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California port gridlock significantly impacts U.S. supply chain

Nearing two years since the pandemic's beginning, the global supply chain is still experiencing repercussions. Dive deeper into the current crisis in the American supply chain.

The current supply chain crisis

The initial impact COVID-19 had on the United States supply chain may be over, but aftershocks are still occurring as 2021 comes to a close. The post-pandemic employment lull is only making the pre-existing labor shortage worse for the country’s supply chain industry. With limited labor available, the country’s supply chain is struggling to keep up with unprecedented levels of climbing demand. America’s supply chain crisis has escalated enough for President Joe Biden to issue an executive order, titled “America’s Supply Chains” to investigate the problem.

As the biggest U.S. gateway for trade with Asia, the southern California port complex has 62 cargo ships anchored off-shore, waiting for space to dock, and 25 more on the way. Being just over 4 weeks out from Black Friday, the cargo surge is expected to continue into 2022. As we enter peak freight season, the issue does not merely end at US cargo ports. According to Supply Chain Brain, Los Angeles alone anticipates handling 10.8 million container units for 2021, increasing by 17% over 2020. Meaning an unprecedented amount of goods will pass through the entire supply chain.

The transportation network of America is experiencing a number of bottlenecks adding to the current supply chain crisis. A shortage in licensed truck drivers limits the movement rate of these newly arrived goods. Uneven and unpredictable orders have made long-term planning a near impossibility for trucking companies as well. Not to mention in order to fix the truck driver shortage, companies have to wait on new employees to be awarded their commercial truck-driver license.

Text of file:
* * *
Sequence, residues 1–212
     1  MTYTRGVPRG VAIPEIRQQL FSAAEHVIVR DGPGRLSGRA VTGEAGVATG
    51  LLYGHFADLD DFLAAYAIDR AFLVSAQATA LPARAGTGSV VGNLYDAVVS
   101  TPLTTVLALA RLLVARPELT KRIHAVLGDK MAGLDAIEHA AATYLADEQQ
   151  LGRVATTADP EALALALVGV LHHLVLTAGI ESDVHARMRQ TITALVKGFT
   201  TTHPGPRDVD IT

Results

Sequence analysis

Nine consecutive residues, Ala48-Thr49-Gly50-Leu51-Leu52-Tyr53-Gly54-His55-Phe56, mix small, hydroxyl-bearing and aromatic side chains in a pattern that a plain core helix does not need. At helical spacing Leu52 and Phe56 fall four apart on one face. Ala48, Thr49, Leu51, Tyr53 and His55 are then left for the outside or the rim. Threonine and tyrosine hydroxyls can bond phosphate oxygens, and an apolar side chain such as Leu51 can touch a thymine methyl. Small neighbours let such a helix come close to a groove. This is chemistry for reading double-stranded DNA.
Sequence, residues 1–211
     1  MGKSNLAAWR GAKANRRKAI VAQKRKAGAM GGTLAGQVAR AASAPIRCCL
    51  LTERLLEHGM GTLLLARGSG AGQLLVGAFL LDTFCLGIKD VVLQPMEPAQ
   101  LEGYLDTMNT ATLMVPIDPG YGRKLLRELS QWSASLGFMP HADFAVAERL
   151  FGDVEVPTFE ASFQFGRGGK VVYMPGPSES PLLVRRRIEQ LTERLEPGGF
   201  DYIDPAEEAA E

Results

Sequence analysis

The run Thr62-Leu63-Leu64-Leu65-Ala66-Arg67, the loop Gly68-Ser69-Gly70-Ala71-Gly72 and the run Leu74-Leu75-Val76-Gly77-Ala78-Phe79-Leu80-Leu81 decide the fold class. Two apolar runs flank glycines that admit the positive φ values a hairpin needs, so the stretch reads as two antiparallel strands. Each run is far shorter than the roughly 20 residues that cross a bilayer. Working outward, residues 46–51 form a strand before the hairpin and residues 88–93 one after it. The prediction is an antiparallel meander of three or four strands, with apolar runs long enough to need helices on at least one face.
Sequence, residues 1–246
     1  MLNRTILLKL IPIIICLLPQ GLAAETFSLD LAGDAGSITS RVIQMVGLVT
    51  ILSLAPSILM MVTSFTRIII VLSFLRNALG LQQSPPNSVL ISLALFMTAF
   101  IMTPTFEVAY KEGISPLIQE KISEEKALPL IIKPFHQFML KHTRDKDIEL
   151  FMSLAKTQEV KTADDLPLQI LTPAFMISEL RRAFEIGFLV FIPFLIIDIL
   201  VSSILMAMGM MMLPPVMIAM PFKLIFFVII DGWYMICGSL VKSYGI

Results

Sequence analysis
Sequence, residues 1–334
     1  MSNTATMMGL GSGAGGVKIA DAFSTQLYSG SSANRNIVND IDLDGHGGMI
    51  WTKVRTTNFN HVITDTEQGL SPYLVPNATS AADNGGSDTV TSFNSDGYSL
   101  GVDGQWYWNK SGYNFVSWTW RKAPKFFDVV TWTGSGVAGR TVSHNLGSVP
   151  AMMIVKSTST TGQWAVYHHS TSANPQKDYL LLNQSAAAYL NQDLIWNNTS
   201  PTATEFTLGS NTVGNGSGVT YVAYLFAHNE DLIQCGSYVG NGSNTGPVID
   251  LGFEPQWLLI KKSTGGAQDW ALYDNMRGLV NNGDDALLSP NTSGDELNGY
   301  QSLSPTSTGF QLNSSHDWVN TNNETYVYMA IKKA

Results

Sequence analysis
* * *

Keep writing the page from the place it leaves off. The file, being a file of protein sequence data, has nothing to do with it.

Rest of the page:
The United States saw a surge in Asian imports of 1.7% from 2020. Bloomberg reports that China’s exports reached a new monthly record for September of “28.1% in dollar terms … from a year earlier to reach a high of $305.7 billion.” The strong demand comes ahead of the holiday season, likely caused by companies fearing the possibility of China’s energy grid crisis limiting trade closer to the holidays. To make matters worse, most American warehouses are not equipped with enough warehouse space to store the unexpected surplus of imported goods.

The current solution

Following President Biden’s executive order, the United States supply chain is doing everything it can to de-escalate the situation. Shippers and cargo owners at the Los Angeles docks are committing to work 24/7 to help ease the congestion. In addition, “pop-up” terminals are being created inland from the ports. To help with the truck driver shortage, authorities are working with states to speed up the commercial truck-driver license process.

Corporate executives and labor leaders have come together to resolve the additional bottlenecks in the supply chain. According to the White House, FedEx, UPS and Walmart have come together to establish around-the-clock operations, while Target, Samsung and Home Depot are increasing efforts to speed up distribution.

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